Aubrey de Vere, in 1887? (according to Google Books) or 1849? (according to Christopher Ricks), writing on Keats:
Perhaps we have had no other instance of a bodily constitution so poetical. With him all things were more or less sensational; his mental faculties being, as it were, extended throughout the sensitive part of his nature—as the sense of sight, according to the theory of the Mesmerists, is diffused throughout the body on some occasions of unusual excitement. His body seemed to think; and, on the other hand, he sometimes appears hardly to have known whether he possessed aught but body. His whole nature partook of a sensational character in this respect, namely, that every thought and sentiment came upon him with the suddenness, and appealed to him with the reality of a sensation. It is not the lowest only, but also the loftiest part of our being to which this character of unconsciousness and immediateness belongs. Intuitions and aspirations are spiritual sensations; while the physical perceptions and appetites are bodily intuitions.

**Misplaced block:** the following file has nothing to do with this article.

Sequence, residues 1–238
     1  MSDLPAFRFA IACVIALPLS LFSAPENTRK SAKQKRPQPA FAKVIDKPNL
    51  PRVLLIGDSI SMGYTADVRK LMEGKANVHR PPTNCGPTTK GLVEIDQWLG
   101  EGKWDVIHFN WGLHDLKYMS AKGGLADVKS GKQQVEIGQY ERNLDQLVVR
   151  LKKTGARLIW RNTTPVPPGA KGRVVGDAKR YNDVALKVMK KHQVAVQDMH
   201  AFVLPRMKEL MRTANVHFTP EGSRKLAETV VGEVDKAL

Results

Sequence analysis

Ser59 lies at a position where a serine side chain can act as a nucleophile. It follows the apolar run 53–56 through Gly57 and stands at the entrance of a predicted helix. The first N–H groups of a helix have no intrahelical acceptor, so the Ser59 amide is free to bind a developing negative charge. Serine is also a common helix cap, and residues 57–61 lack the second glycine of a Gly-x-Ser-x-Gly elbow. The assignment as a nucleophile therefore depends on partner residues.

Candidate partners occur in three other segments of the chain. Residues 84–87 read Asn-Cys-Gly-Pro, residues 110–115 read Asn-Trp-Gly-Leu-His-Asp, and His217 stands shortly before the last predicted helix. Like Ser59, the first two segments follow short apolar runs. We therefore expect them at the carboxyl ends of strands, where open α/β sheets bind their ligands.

One thought on “His body seemed to think”
Great quote, Nada. I think that claim is also borne out in the quality of his measure as well. Reading Keats aloud is a SENSUAL pleasure. A couple of years ago, I memorized “Ode to a Nightingale,” which I can still recite by heart. I am continually amazed at the physical pleasure I get from reciting lines like:>>MY heart aches, and a drowsy numbness pains > My sense, as though of hemlock I had drunk, >Or emptied some dull opiate to the drains > One minute past, and Lethe-wards had sunk: >‘Tis not through envy of thy happy lot, > But being too happy in thine happiness, > That thou, light-wingèd Dryad of the trees, > In some melodious plot > Of beechen green, and shadows numberless, > Singest of summer in full-throated ease.>>It moves along rather lazily and slowly (like someone who is high, I guess you could say), with all kinds of dependent clauses interrupting the thought, and then BLAM! “Singest of summer in full-throated ease” comes along and you can literally feel the physical sensation of the mind waking from its stupor.